Minority and disadvantaged high school students can begin to prepare for careers in science and health care, get a summer job that pays, and earn a college scholarship through the Horizons in Medicine program at Wright State University School of Medicine.
Wright State is now taking applications for the 2002 Horizons in Medicine program, which is scheduled for June 20 through July 26. Students who have completed their junior year of high school are encouraged to apply. To request an application, contact the School of Medicine's Office of Student Affairs at (937) 775-2934. The application deadline is March 1, 2002.
Horizons in Medicine is designed to give students a sense of the career possibilities in health care and to show them the kind of serious preparation needed to enter such careers. Students spend mornings in classrooms and laboratories at Wright State, where they are introduced to subjects such as anatomy, biochemistry and physiology. They spend afternoons working in hospitals, community clinics, and other clinical sites throughout the community.
Horizons students earn stipends for afternoon work assignments. All students who complete the Horizons program receive one-year scholarships to Wright State University.
Horizons in Medicine is an example of the "pipeline" strategy to increase the number of minority doctors and scientists, according to Alonzo Patterson, M.D., assistant dean for student affairs at Wright State School of Medicine. "We work with students long before they reach college to prepare them in math and science. That way we prime the pipeline that leads to a career in medicine."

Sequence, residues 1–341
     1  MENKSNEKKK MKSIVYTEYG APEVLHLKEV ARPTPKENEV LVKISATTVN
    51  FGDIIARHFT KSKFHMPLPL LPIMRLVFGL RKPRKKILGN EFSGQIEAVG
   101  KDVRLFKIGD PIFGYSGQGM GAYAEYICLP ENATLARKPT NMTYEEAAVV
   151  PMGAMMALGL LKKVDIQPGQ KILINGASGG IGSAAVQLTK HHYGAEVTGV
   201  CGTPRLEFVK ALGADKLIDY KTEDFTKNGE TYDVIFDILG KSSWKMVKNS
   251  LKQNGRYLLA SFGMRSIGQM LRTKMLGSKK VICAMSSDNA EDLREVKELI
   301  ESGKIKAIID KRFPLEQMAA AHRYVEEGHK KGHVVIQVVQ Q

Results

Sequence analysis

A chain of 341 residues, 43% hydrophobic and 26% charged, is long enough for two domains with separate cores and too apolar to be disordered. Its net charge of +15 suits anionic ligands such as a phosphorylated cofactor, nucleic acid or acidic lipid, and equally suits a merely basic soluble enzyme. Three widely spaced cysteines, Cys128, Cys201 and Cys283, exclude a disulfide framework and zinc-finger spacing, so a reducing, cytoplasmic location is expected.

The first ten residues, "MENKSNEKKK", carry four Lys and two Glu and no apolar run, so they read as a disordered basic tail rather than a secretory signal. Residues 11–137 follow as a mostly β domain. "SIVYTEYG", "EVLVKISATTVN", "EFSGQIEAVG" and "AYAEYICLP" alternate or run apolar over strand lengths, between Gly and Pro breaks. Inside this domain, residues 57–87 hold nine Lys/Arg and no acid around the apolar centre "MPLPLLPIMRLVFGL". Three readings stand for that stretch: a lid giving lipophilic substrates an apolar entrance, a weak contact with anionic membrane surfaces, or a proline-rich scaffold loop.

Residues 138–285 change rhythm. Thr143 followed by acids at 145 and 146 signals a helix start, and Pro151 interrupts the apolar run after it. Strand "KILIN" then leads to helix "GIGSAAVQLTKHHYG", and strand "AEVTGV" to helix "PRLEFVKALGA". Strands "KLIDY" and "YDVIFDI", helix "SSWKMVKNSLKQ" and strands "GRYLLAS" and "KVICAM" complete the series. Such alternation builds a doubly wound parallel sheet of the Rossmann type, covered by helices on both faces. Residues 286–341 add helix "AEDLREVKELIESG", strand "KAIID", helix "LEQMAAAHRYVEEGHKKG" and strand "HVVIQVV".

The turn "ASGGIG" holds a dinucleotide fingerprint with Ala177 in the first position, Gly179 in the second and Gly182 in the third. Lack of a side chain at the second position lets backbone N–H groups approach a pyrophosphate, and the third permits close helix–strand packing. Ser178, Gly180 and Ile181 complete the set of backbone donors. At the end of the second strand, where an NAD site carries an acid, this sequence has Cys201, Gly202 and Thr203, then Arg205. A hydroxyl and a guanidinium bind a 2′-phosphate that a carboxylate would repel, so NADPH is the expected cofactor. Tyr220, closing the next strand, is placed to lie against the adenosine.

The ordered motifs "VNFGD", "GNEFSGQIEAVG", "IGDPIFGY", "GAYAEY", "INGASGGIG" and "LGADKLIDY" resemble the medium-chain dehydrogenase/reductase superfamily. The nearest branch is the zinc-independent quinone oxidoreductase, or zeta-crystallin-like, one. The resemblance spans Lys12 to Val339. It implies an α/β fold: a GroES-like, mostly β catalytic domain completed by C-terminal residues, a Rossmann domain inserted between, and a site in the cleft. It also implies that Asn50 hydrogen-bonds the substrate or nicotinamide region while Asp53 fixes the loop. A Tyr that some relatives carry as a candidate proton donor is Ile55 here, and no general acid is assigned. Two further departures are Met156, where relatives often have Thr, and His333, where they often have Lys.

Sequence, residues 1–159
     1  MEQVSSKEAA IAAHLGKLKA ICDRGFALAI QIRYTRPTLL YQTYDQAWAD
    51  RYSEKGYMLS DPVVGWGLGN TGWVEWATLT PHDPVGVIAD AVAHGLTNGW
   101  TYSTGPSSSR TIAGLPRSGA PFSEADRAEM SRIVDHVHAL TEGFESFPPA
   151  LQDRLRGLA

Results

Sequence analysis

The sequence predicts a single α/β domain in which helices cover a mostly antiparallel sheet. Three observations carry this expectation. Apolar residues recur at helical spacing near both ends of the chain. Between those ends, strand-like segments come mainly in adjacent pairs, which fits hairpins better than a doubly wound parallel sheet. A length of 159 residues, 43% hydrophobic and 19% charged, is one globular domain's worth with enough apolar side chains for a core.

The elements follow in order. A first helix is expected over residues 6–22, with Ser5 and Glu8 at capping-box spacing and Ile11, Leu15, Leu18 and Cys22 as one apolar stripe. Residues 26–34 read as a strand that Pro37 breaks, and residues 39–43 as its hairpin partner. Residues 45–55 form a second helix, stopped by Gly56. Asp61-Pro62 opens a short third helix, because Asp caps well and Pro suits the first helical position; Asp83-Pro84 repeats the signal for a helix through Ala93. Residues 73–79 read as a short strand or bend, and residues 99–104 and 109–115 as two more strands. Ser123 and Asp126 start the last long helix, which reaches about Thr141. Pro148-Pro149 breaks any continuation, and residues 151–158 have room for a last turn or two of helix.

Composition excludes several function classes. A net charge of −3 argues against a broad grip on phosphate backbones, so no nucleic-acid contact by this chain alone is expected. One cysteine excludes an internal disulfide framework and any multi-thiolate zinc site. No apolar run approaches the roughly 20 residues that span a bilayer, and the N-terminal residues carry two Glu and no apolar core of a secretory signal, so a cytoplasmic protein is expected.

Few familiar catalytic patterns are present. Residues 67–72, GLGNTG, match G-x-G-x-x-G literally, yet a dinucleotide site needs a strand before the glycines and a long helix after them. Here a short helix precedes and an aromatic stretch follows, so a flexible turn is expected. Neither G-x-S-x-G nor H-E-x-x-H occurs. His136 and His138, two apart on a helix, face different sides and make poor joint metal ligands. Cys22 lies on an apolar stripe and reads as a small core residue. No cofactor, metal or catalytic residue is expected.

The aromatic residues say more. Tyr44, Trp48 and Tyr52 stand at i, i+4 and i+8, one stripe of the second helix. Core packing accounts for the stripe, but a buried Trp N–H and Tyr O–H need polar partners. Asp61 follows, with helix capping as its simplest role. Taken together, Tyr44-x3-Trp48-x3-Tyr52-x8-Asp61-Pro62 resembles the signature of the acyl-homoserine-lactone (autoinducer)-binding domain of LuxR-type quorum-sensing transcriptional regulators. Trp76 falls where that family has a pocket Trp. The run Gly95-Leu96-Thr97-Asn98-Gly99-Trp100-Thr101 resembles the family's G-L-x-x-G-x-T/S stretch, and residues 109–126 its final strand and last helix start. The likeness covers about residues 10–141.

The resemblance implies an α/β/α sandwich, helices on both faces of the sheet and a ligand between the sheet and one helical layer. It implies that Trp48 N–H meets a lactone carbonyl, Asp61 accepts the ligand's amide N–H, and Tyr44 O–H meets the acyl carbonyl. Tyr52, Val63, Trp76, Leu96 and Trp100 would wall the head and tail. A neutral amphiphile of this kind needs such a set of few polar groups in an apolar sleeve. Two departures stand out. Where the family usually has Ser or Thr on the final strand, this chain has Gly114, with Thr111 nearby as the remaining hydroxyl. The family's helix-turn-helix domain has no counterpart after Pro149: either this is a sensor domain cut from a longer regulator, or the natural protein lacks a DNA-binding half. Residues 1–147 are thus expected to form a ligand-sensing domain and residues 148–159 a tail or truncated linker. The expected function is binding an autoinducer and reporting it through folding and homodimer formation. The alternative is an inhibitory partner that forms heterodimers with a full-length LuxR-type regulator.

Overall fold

Now a pediatrician who practices in Huber Heights, Dr. Patterson participated in the first Horizons in Medicine program in 1979 when he was a student at Wilbur Wright High School. "I realized the impact Horizons made on me when I became a freshman in college. The chemistry textbook in college was the same one we used in Horizons in Medicine," he recalls.
"Students have to keep their eyes and ears open for opportunities like Horizons. Those opportunities may not be glamorous or star-studded, but if they help you get where you want to be, they're worthwhile," Dr. Patterson adds.
Few educational initiatives have stood the test of time as well as Horizons in Medicine, now in its 24th year. Since 1979, a total of 423 high school students have completed Horizons in Medicine; approximately 94 percent of eligible students have entered college, and 79 percent of eligible students have graduated from college. Many Horizons alumni are now M.D.'s and five former Horizon participants are currently enrolled at the Wright State University School of Medicine.